ADRIAN THRILLS: Guitar genius made the Chilis red hot againApril 1, 2022
ADRIAN THRILLS: Guitar genius made the Chilis red hot again
RED HOT CHILI PEPPERS: Unlimited Love (Warner)
Verdict: Exuberant return
JOAN JETT & THE BLACKHEARTS: Changeup (Blackheart)
Verdict: Punk legend goes acoustic
MOLLY TUTTLE & GOLDEN HIGHWAY: Crooked Tree (Nonesuch)
Verdict: Branches out nicely
The musical triumphs of the Red Hot Chili Peppers have often been overshadowed by their unusual stage attire and chaotic personal lives.
They began life, in Los Angeles, as a one-night-only prank among childhood friends, and their 39-year career has never been a particularly smooth ride.
They have daubed themselves in warpaint, sung with giant lightbulbs on their heads… and even played almost naked, with only strategically placed socks preserving their modesty. But despite numerous line-up changes and drug problems (now well behind them), they continue to thrive as one of the most accomplished bands in rock.
New album Unlimited Love is their first with guitarist John Frusciante in 16 years and his return has reinvigorated the quartet. His dexterity was a major factor in the success of 1999’s Californication and 2002’s By The Way, and the restoration of his seemingly telepathic interplay with singer Anthony Kiedis, bassist Flea and drummer Chad Smith harks back powerfully to those two classic albums.
The musical triumphs of the Red Hot Chili Peppers have often been overshadowed by their unusual stage attire and chaotic personal lives. The Red Hot Chili Peppers are pictured left to right, Flea, Frusciante, Smith and Keidis
A penchant for going over the top remains. Unlimited Love isn’t as weighty as 2006’s Stadium Arcadium — which spread its 28 songs across two, hour-long CDs — but it still runs on for 73 minutes, and a smattering of filler suggests the band, and producer Rick Rubin, struggled to whittle down some of their initial ideas.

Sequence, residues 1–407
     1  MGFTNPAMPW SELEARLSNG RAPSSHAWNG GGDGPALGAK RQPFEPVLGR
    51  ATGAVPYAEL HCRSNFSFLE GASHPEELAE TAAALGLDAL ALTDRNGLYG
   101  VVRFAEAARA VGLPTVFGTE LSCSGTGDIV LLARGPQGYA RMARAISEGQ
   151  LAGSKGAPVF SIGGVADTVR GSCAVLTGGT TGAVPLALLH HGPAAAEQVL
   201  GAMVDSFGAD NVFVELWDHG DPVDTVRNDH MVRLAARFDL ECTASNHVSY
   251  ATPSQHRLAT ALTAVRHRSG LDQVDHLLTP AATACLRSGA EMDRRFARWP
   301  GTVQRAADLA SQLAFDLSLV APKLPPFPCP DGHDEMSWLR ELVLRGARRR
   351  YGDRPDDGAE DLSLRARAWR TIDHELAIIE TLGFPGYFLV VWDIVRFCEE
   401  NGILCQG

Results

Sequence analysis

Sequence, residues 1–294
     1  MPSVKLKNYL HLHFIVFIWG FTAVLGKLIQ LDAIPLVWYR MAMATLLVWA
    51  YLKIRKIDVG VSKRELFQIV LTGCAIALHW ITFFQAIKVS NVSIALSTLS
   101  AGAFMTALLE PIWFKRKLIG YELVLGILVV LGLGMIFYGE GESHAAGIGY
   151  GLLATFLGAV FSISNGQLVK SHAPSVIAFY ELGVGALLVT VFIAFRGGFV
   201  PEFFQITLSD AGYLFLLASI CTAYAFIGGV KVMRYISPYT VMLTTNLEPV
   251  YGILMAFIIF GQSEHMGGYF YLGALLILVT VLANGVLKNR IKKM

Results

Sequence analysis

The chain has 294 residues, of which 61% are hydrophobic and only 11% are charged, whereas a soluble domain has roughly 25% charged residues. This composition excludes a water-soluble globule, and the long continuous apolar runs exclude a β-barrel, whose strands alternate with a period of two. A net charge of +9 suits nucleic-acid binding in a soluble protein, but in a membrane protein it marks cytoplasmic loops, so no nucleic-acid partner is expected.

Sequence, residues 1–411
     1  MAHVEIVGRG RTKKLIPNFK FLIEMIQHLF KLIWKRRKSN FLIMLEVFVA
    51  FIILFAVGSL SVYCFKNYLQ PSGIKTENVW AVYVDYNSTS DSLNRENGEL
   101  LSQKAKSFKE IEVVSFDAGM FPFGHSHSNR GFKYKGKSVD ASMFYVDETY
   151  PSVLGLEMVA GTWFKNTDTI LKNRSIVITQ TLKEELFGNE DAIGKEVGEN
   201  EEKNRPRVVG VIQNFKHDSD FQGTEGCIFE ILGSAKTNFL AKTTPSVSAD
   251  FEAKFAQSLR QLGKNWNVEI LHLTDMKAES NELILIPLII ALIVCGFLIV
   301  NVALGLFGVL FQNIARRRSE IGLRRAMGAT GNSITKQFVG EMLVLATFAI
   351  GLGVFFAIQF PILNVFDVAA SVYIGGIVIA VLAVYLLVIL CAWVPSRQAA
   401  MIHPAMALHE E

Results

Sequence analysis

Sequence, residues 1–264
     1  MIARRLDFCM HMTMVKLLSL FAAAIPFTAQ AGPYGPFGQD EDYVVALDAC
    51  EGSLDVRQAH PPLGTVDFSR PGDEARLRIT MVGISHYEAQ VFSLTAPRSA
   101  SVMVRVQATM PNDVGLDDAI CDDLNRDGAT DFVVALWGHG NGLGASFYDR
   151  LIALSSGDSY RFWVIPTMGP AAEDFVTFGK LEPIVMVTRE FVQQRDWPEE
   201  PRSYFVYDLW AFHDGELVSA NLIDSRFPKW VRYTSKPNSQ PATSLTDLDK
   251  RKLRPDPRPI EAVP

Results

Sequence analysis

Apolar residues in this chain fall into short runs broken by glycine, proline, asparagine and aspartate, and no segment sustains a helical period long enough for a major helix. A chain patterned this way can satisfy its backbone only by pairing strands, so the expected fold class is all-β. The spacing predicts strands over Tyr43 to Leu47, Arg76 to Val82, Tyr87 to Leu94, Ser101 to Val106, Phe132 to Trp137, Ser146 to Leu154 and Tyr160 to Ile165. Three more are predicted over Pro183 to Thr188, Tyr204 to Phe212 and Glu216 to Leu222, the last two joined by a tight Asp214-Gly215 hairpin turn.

Reassuringly, though, the ensemble playing that made them such a force in the early 2000s is intact. Frusciante, who rejoined in 2019, says the band got into the mood by jamming along enthusiastically to songs by Johnny ‘Guitar’ Watson, The Kinks and New York Dolls — and that exuberance spills over into their own material.
They begin by using two well-established Chili Peppers hallmarks — modern rock and tough funk. Frusciante drops the first of several extended, freewheeling solos into opening track Black Summer. Surging bass and drums illuminate Here Ever After.
As the grand dame of punk, Joan Jett has timed her latest return to perfection
They go on to switch effortlessly between the styles. White Braids & Pillow Chair echoes the melodic uplift of By The Way. The Heavy Wing is a churning rocker.
Poetic ballad Not The One is McCartney-esque in its sweetness, with Kiedis promising he would ‘do most anything to make you think that I’m the one’.
The funkier side comes to the fore on the stripped-down, percussive Whatchu Thinkin’ and excellent Poster Child. A classic ‘list song’, powered by Frusciante’s wah-wah effects pedal, the latter is a roll-call of famous names, including Led Zeppelin, Thin Lizzy, Duran Duran and rapper Flavor Flav.